For some reason yesterday I decided to look for my trowel. Said tool brought in late ’80’s (I think) and lovingly worn mostly from finding Romans on York’s waterfront (Yorkshire, UK). Last seen in the dining room, last used on a rather nice medieval moated site in Cheshire in 2013. Failed to find it for a day I spent helping/ hindering (your choice) on a community archaeology excavation in Edinburgh in June. So why do I want it now? Well I don’t need it but because I can’t find it then this takes on a whole new urgency. For years it sat lovingly on my work desk alongside a leaf (plasterers/ archaeologists tool for the uninitiated & rarely used) to remind me that 1) I used to use it all the time, 2) it was always there to help on community excavations (or days I took off to keep my ‘hand in’) as a local government archaeological officer 3) more recently to remind me that I know I can still use it!
I have temporarily given up looking for the hallowed old trowel now. Today I have been following up some contacts from a flurry of networking during Liverpool’s International Festival of Business (IFB) 2014 – a splendid opportunity. I’m a freelancing archaeological consultant providing archaeological planning advisory services to the development sector. Sometimes this feels like being ‘Daniel in the Lions den’ but like troweling skills – this takes practice and a bit of persistent enthusiasm. ‘Hello my name is …. and I’m an Archaeologist’ is usually cause for excitement or bafflement, or fear – but at least its going to get some reaction. At one recent networking event a property consultant delighted in telling me that he’d advised a builder in the 1970’s to concrete over some burials to hide them and not tell anyone. He was somewhat surprised to hear that he could have done worse.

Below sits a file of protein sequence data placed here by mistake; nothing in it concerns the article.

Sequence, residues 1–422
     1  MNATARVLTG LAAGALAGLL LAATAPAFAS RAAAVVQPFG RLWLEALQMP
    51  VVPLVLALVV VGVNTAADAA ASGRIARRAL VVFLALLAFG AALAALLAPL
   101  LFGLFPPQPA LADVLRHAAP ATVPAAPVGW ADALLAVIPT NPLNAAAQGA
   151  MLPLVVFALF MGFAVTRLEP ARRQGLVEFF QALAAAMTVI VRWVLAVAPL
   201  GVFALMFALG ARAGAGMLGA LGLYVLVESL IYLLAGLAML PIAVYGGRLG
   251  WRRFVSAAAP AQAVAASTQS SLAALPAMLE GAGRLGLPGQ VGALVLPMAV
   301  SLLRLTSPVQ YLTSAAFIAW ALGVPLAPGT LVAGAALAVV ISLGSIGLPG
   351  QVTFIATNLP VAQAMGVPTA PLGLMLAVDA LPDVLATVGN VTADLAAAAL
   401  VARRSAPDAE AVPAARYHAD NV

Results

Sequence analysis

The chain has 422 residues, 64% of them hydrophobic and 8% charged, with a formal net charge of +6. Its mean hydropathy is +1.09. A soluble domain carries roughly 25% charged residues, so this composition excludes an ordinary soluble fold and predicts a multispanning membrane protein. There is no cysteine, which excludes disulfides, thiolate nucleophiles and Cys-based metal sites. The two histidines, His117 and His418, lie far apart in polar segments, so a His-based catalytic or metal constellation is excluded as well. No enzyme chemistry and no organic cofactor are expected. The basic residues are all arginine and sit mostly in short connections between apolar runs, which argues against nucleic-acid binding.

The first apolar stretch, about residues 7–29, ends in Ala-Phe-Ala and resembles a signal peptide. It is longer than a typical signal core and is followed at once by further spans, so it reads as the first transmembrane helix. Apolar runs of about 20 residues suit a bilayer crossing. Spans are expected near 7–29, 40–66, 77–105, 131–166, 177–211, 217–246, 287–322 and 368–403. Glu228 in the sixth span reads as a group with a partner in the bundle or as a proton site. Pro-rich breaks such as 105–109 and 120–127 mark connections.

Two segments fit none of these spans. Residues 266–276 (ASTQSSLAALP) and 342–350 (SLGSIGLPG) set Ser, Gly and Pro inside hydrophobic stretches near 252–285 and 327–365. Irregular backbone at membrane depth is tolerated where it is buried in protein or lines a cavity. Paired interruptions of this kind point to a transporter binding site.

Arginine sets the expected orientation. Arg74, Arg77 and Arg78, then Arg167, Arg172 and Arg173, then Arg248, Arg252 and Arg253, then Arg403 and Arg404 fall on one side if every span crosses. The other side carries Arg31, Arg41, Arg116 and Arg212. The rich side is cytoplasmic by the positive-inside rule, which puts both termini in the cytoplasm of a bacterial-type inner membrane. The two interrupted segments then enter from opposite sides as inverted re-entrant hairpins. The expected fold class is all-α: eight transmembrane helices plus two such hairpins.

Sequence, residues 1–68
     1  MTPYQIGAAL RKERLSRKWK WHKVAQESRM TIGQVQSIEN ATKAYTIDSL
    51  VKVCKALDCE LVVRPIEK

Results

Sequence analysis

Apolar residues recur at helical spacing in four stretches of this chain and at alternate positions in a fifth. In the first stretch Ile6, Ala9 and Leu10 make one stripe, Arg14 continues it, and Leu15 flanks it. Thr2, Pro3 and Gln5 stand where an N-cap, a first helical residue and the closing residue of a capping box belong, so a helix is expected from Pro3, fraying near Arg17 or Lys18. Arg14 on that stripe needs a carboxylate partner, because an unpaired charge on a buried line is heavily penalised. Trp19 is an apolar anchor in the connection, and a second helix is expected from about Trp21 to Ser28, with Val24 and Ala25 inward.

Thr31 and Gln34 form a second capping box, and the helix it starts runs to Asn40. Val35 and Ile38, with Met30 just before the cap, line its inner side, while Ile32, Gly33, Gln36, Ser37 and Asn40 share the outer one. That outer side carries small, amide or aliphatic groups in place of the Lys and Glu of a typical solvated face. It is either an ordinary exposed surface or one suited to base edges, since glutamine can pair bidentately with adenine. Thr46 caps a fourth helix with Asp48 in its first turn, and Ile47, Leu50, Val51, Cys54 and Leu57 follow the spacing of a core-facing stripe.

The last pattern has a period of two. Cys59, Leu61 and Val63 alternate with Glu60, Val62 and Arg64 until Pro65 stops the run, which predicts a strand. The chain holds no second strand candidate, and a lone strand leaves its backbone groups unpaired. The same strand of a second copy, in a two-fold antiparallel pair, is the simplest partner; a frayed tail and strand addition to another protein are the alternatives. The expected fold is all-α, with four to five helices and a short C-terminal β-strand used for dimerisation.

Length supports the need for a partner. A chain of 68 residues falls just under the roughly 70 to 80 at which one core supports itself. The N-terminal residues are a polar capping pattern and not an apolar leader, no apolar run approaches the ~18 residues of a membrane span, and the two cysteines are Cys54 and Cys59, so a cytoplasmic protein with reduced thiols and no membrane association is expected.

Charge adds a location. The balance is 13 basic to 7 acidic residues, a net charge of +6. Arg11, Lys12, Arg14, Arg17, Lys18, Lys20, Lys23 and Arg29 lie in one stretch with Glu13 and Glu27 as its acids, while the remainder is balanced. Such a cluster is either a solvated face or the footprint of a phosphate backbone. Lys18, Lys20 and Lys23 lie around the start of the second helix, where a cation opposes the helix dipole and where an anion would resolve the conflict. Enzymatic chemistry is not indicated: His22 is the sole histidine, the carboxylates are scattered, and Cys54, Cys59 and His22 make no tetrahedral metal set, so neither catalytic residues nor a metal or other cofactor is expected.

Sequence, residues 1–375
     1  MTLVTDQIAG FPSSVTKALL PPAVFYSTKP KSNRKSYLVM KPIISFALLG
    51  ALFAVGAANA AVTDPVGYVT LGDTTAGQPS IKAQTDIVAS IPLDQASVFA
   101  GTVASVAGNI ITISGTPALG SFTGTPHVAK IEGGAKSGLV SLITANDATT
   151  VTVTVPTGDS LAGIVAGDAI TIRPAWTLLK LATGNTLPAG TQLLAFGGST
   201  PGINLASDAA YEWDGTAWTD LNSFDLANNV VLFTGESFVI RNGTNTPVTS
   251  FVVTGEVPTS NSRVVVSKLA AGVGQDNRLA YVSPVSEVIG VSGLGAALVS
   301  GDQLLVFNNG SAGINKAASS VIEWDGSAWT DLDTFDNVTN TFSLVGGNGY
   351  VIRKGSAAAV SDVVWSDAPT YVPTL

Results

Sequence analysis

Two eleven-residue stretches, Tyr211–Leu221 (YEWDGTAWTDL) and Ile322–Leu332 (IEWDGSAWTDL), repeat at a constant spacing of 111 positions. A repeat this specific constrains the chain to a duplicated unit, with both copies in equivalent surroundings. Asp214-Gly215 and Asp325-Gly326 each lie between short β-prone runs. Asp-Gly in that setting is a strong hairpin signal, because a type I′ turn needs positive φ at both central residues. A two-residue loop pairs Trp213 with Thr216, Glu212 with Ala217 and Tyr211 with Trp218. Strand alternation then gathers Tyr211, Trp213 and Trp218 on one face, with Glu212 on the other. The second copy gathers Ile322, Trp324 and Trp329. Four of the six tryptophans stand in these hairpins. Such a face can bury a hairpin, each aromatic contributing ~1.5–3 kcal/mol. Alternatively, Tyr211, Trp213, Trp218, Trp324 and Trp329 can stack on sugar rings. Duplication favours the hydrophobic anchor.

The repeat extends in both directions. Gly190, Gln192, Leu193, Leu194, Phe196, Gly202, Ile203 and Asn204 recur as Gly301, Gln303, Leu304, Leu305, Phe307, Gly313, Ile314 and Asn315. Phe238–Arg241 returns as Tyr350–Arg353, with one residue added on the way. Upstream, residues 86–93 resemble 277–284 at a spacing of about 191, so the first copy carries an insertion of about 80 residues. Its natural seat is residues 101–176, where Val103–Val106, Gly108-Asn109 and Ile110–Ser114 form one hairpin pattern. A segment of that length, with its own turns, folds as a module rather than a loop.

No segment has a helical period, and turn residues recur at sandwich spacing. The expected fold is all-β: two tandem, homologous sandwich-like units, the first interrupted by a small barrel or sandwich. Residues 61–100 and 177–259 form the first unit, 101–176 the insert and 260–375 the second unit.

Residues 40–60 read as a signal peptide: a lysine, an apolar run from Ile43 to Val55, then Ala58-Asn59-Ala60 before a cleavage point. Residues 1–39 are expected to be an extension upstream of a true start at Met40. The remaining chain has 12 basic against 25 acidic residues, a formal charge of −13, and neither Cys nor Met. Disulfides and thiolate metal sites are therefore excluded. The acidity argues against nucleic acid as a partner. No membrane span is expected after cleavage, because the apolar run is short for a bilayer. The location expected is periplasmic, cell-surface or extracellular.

I have learnt much from the IFB and picked up new language being thrown about the place ‘green infrastructure’ (Ok, we know this is landscaping/ natural environment, ‘blue infrastructure’ ( this is wet stuff/ water bodies) and ‘grey infrastructure’ ( actual buildings). What’s been interesting is to go to events where the ‘green and ‘blue’ are recognised as important economic opportunities as well as creation of a better environment.
Now where’s my trowel?